It’s a simple game of one-upmanship and bluffing. The first player announces she has a certain number of cards of a certain value. I have two fives. The next player, if he believes her, must best her with a claim of greater value. I have two sixes. This process continues until a player thinks he has encountered a bluff – I have four Queens – and declares, Bullsh*t!
After the tragic events in Tucson, there has been a similar one-uping game in the media. The cable news version, however, is a moralistic one. Who is to blame? Did talk-show hosts contribute to a hostile environment? Is the left grasping for a chance to discredit the right? Unfortunately, much of this particular outrage feels less than genuine if not outright hypocritical. But glass houses and thrown stones are nothing new in public debate. And I, like many others, accepted this fact a while ago.
Yet, somewhere between the finger-pointing and the cries of Don’t pick on me!, I have grown increasingly tired of the game in all its forms. The shooting in Arizona and the ensuing debate speak for themselves. I have no comment, right now, on either point. At the moment, I’m frustrated with the on-going pissing match in higher education.
Two weeks ago (before Tucson), while blogging for the Chronicle of Higher Education, Diane Auer Jones responded to a series of cranky, immature, and generally obnoxious reader comments regarding the new Chairwoman of the House Subcommittee on Higher Education. Decrying a lack of respect and thoughtfulness, she wrote, “Despite the academy’s persistent claims that it values free speech, tolerance, and open debate, these comments show a much darker side of the academy—the side that is intolerant, disrespectful, and bigoted. I guess some of you think that only those who agree with you should be granted the rights of free speech.”
Ms. Auer Jones is correct to chastise the oft-anonymous commenters who make no effort to understand the big picture and engage in the “adult equivalent of... ‘Well, your mother wears army boots.’” However, as a person with a history of mean-spiritedness, who has admitted to using her blog for “inappropriately snarky and irrelevant” remarks, Ms. Auer Jones’ indignation at the incivility of others is a poor, poor bluff.
The new Subcommittee Chair deserves a chance to do her job and be heard. She is a duly elected official and a woman with experience in higher education. To dismiss or attack her for ideological reasons is ridiculous. But to come to her defense with a show of personal outrage and the insinuation that the academy is extra guilty of bias and disrespect is equally ridiculous.
Opinions frequently emerge in spite of higher learning rather than because of it – even at a university. I have spent a full decade in higher education as an undergrad, graduate student, and staff member. I have been in the closed-door committee meetings with faculty and trudged past the demonstrations of students’ youthful outrage. And more often than not the most vocal opiner is simply venting personal frustration rather than enlightening the listeners. It is, I agree, a "darker side" of campus life.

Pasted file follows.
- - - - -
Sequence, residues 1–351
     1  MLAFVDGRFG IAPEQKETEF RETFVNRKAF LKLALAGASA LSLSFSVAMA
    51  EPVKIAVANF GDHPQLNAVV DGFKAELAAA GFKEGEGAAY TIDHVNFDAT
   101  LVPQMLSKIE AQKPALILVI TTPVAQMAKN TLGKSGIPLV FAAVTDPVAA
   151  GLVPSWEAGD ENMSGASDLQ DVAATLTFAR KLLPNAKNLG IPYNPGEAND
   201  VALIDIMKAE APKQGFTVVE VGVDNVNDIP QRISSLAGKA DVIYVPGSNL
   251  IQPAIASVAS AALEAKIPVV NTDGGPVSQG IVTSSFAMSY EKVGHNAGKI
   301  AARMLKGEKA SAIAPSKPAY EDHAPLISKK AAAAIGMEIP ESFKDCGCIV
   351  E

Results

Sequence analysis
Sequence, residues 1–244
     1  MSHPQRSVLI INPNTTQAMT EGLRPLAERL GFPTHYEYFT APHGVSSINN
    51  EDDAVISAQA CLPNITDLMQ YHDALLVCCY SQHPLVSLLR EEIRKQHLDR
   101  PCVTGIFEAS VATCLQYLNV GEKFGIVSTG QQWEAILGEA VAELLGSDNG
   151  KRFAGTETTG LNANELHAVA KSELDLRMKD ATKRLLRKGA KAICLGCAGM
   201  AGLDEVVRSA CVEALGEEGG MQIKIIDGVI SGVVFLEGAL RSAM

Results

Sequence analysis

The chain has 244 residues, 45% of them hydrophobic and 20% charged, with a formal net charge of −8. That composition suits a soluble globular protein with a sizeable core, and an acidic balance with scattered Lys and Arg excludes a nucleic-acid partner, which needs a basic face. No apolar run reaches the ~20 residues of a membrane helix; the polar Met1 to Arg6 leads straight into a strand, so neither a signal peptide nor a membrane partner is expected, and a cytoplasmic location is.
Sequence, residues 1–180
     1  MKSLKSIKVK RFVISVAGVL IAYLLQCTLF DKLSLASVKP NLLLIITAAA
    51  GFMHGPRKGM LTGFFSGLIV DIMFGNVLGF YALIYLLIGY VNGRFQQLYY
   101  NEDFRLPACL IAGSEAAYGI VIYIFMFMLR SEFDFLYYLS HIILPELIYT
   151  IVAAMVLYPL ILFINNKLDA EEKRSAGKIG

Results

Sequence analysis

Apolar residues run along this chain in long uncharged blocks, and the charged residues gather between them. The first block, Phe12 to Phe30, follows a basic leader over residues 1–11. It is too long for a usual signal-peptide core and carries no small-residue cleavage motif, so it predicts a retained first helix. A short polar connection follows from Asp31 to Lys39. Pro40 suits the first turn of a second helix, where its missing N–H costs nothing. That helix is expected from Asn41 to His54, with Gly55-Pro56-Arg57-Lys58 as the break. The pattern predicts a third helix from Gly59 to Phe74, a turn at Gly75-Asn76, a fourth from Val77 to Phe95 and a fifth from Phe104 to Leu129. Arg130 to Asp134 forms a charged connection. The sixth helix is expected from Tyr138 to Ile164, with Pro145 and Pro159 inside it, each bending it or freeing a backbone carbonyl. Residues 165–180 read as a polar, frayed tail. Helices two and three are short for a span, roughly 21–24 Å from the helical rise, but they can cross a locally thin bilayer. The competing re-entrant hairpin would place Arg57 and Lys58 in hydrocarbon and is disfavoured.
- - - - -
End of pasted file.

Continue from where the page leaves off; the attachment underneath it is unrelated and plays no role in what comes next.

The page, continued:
This particular shortcoming, however, is not unique to the academy.
Join me, if you will, in the Way Back Machine and let us consider the endless stream of epithets and accusations aimed at America’s “Intellectual Elites.” In fact, let’s go back a full decade…
Where, I’m curious, was Ms. Auer Jones’ exasperation at the intolerance of the American Council of Trustees and Alumni when it tastelessly and spuriously assailed colleges and universities as a whole, suggesting that humanists and social scientists were giving moral support to terrorists after the World Trade Center attacks?
Where was respect for intellect, balanced discussion, and expertise when Lynne Cheney engaged in near-acrobatic feats of logic with the wild claim: “To say that it is more important now [to study Islam] implies that the events of September 11 were our fault, that it was our failure… that led to so many deaths and so much destruction”?
And where was the cry of bigotry when Ms. Cheney, the Council, and their ilk continually made thinly veiled assertions about the supremacy of western civilization?
Make no mistake. Ms. Auer Jones is more thoughtful and reasoned than Ms. Cheney. And she has a right to comment on current events in any way she sees fit. But finger wagging goes both ways, Madam. By engaging in smarmy kvetching followed by a disingenuous game of How dare you!?, you are yet another unjustified, self-righteous voice in higher education doing little to advance policy debates and nothing to advance education.
I claim very little footing on the moral high ground. I do not present myself as categorically better or smarter than those with whom I disagree. But I do accept personal responsibility to be thoughtful and reasoned when publicly commenting on important issues. And, in doing so, I retain my right to call a bullsh*t bluff when I see one.
Image by thms.nl
Bloggers Note: In the interest of complete disclosure, I commented on one of Ms. Auer Jones' blog entries, "It's Lake Wobegon Time Again" (linked above), under a screen name (jedwardc) that I no longer use.